What do you do when you have two friends from a distant place (in my case, Kossacks Jim and Melanie from IA) coming to visit and you want to throw a little dinner in their honor and invite other local Kossacks (in this case, six) to meet them and enjoy cocktails and dinner in laid back yet classy style? What if you and your guests have to do this on a budget, and as a kind of potluck?
Well, the first thing you DON'T do is panic. The second thing you do is get on the phone to your friends. The third thing you do is plan and do ahead.
Follow me over the orange croissant for some simple ways to do this and of course, a recipe or two...
NOTE: There seems to be some confusion. This is in the WFD dinner queue, but, well, anyway, here it is under just lil' ol' me. I'll delete it if a WFD admin requests.
Now it helps if you're having "guests of honor" to invite friends who have some connection to (as in this case, Daily Kos), or interest in, meeting your guests. Barring this, if you have a few friends you think might at least enjoy attending and have something in common with your guests of honor, by all means, invite them. DO let your visiting friends know you would like to do this, and make sure it's OK with them. Most times, they would appreciate it. If not, plan on an intimate dinner or even better, take them out on the town. However, if you are having a party to honor them and inviting friends here's a great plan:
1. If your friends cook and offer to bring something, let them know your menu for a main course and your general theme. In my case, one makes wonderful salads. She offered, I took her up on it. Salads and (in this case, dessert)--check. Don't forget to make a note of it. Five minutes later you will have forgot and another friend will send you a text or an email asking "what can I bring?". You'll want to know, and you'll want to be able to say "I just got off the phone with so and so and he's bringing...(specific dish)". "Well, someone said they'd bring something or other" doesn't inspire confidence and if it's a circle of friends, certainly makes them doubt just what kind of friend--let alone host--you are. Keep your kitchen list with your guest list.
2. If your friends don't cook and offer to bring something, let them know that a bottle of wine or some cheese and bread or fruit would help. Usually, check, check and check on that score. (NOTE: Provide, or take a friend up on providing, non-alcoholic drinks. Not everyone cares to, or can, drink cocktails or wine). I always make sure there is enough wine beer and soft drinks just in case, but it's always helpful when someone helps out with these. Don't forget: the story of the miracle at Cana isn't about Jesus turning water into wine--it's about a host who ran out of wine at a party, and Jesus is an unlikely guest.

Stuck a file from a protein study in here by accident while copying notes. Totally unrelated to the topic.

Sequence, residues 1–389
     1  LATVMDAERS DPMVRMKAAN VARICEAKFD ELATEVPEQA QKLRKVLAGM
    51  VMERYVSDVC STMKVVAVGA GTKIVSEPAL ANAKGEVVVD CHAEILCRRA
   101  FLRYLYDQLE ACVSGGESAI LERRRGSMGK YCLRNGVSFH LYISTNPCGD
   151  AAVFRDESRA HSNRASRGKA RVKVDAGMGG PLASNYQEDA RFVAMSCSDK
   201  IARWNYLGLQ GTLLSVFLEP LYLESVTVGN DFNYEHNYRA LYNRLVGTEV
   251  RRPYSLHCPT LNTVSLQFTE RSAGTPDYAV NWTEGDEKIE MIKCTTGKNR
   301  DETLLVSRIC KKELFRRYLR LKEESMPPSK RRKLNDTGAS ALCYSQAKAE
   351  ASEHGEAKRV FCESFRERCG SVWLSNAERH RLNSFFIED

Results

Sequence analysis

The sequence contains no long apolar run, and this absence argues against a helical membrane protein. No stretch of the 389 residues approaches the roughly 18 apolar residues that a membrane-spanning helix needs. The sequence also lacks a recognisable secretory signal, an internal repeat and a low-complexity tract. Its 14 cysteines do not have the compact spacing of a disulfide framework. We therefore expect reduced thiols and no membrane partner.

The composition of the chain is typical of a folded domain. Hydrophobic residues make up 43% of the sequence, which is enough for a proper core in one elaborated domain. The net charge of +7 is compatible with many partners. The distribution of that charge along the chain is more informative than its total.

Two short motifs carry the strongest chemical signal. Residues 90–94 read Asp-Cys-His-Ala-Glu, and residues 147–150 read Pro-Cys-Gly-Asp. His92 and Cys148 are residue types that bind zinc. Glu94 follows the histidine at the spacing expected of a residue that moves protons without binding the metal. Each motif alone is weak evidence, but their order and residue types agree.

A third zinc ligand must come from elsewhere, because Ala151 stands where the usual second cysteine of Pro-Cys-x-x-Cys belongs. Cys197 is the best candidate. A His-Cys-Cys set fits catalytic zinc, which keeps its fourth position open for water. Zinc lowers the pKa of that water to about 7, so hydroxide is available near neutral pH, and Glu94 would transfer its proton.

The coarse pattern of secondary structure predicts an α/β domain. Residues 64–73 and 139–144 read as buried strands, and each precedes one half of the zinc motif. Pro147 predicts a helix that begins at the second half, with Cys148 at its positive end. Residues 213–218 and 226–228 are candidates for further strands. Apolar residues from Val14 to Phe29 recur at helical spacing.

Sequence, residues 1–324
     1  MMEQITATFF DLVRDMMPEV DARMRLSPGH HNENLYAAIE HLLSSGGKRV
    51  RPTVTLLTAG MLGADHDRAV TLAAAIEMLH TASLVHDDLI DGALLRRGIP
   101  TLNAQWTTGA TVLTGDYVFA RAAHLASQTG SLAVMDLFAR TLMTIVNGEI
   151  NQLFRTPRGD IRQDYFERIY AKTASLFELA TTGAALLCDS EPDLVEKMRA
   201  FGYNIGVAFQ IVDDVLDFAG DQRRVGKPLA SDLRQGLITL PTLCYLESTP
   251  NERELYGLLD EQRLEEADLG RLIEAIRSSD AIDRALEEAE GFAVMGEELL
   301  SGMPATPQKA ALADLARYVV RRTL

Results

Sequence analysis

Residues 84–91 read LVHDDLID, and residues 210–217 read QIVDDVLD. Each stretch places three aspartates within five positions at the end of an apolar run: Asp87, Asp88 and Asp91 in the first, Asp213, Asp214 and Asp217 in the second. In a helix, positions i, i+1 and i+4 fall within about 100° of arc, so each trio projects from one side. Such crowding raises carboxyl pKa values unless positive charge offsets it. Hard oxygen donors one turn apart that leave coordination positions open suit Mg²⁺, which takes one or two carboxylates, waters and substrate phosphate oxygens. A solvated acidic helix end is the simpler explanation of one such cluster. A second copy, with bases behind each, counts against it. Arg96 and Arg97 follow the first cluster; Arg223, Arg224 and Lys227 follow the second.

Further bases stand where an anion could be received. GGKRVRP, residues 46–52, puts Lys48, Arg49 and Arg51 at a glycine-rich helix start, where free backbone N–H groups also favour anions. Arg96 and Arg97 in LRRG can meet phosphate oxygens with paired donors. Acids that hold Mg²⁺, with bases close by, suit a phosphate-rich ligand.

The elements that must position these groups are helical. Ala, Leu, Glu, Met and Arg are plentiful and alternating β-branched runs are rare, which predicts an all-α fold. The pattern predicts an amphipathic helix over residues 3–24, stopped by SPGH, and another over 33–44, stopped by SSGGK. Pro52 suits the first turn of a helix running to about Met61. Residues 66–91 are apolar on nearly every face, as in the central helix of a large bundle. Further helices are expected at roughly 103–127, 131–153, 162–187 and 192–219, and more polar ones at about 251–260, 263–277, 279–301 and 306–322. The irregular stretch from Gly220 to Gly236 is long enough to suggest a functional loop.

3. Make it a buffet. Look at what dishes you'll use. What serving utensils. Quantities. How fancy? How casual? Indoors or outdoors? Check on these as soon as the menu is set and again, setting them out somewhere, at least the day before your party. Also the minute you decide how many you're inviting, count your chairs, BEFORE you pick up the phone.
4. By the time you have your guest list, have talked to your friends who are NOT the guests of honor and have secured some help, set in some emergency drinks and an emergency dessert, you are ready to do the fun part, putting the house together for entertaining.
Now, all of that is great, but if you're going to plan a potluck around a main course recipe you're going to be responsible for yourself (with your friends responsible for side-dishes, etc) what kind of main course do you choose, and why?
Well, I plan to be a little more formal at dinners like these than lots of people. I love chili at Superbowl parties, and hot dogs and hamburgers on Independence Day, but for parties like these, I like something with a little more refinement. I'll share the recipe I used for this week's dinner for the main course.
Hungarian Crepes With Ham, Turkey and Cheese
Palatchinken, or Hungarian style Crepes, are great for everything from lunch to dinner to dessert, depending upon the filling and the company. There are many recipes, but any crepe recipe will do. The beauty of this recipe is that the crepes can be made ahead. A day or two ahead, in fact.
Make your favorite crepe recipe and fill them with good sliced ham, turkey and swiss cheese, or combinations thereof. Roll them up, and place them in very lightly greased casseroles. Cover with foil. About half an hour before you choose to serve them, warm them in a slow oven until just heated through.
For the sauce:
1 recipe bechamel sauce, enough for two dozen crepes, seasoned with sherry, nutmeg, black or white pepper (I don't stand on ceremony, I like to SEE the pepper) and a dash of cayenne to taste. I served this separate, in a chafing dish, for diners to ladle over their crepes as they wished.
A main dish like this stands up to several tart marinaded salads (as we enjoyed) and calls for a very light dessert.
While this diary is not very specific on menu, I will say that following my general outline for having 8 close friends over for a buffet dinner where the point is socializing will not only make your guests happy, but also get you out of the kitchen in order that you may enjoy the party, too.
So, what are your entertaining tips, stories, disasters? And what is for dinner at your house?